How Thomson Reuters Is Leveraging AI To Enhance Productivity, Rather Than Replace Jobs

Thomson Reuters is a famous information and news organization that has its roots going as far back as the 19th century. Established as the Reuters news agency in Great Britain in 1851 by Paul Julius Reuter, it has become a leading newswire service in the world after merging with Thomson Corporation, a Canadian electronics publisher in 2008. Now the company which now has its headquarters in Toronto delivers a wide range of specialized information and news in various parts like accounting, trade, and law.

This massive organization has a global staff of 27,000 journalists and experts who work round the clock to provide quality content across different categories, enabling it to process a lot of information annually. Seeing how generative AI is packed with features, how more companies are beginning to use those features, and how it might seem like a legit opportunity to reduce their employees, spend less, and automate the process, it’d be difficult for them to ignore the fact that it could be useful in their newsroom.

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Rightly so, Thomson Reuters does see the advantages of using AI both from the employee and customer perspective, but it also understands that it’s not a replacement for its employees, it just isn’t there yet. With that being said, AI can boost the efficiency of its employees by taking away the little tedious parts and allowing them to focus on shining in their respective departments and also help customers find stuff easily. The company knows this all too well.

A company that dates so far back like Thomson Reuters would be reluctant to buy into generative AI, or it’s easy for anyone to think that at least. Well, anyone who does think that would be wrong as the company actually admits that it’s actually looking forward to the world of AI and that it is also working as hard to keep up with the latest technologies.

The Chief People Officer at Thomson Reuters, Mary Alice Vuicic, says that automation is only a part of AI’s potential and that placing more focus on this part could take people’s attention away from its greater benefits.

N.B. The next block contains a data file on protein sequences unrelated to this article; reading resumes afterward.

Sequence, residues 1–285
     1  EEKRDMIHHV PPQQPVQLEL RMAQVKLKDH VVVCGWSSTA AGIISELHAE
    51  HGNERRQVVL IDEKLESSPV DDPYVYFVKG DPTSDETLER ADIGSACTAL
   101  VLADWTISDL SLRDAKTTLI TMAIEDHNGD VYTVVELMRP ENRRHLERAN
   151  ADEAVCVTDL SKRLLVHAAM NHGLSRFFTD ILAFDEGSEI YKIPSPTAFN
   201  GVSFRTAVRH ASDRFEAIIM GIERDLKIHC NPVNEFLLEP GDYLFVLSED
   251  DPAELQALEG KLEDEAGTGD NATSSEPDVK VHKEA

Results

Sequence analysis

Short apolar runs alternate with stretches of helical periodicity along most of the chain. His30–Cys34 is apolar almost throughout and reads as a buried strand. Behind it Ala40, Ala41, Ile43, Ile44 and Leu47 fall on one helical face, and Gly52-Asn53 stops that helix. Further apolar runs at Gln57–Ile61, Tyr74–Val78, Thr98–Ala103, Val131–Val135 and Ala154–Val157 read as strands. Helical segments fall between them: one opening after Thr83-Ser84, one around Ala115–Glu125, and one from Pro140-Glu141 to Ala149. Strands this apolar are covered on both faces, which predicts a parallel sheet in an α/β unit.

The organization admits that LLMs (large language models) being used in AI systems aren’t always accurate in their results and it intends to fix that shortcoming by using its in-house legal experts to correct errors and refine the answers that the LLMs come up with. That way it combines the capabilities of AI and the expertise of its experts to maintain accuracy and deliver very reliable information.

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Investing in AI

Thomson Reuters has put an investment of $100 million every year into developing AI tech. It also recently acquired another legal startup driven by AI, Casetext, for $650 million. The organization’s CEO, Steve Hasker, made it known during the announcement that this move is a step in their strategy to provide generative AI to their clients which is to “build, partner and purchase”.

Thomson Reuters also joined forces with Microsoft Office Copilot, making it a breeze for lawyers using Thomson Reuters legal tools to just shoot over questions in natural language queries right from Office. No more need to bounce out of Office to grab legal info.

The company has this idea that offering a safe space for employees to learn will totally give them the edge. It’s all about helping folks grasp how this tech can amp up their jobs and make them even more efficient.

With AI changing so fast and despite the company partnering up with Microsoft (which somehow means ChatGPT too), Thomson Reuters still keeps its options open in regards to which LLMs it makes use of.

According to Vuicic, AI is a way to improve efficiency in human workers or help customers use Thomson Reuters content more effectively. She also thinks companies that manage their adoption of AI effectively and those that use a human-centered approach to make the adoption faster will have an edge in the market.

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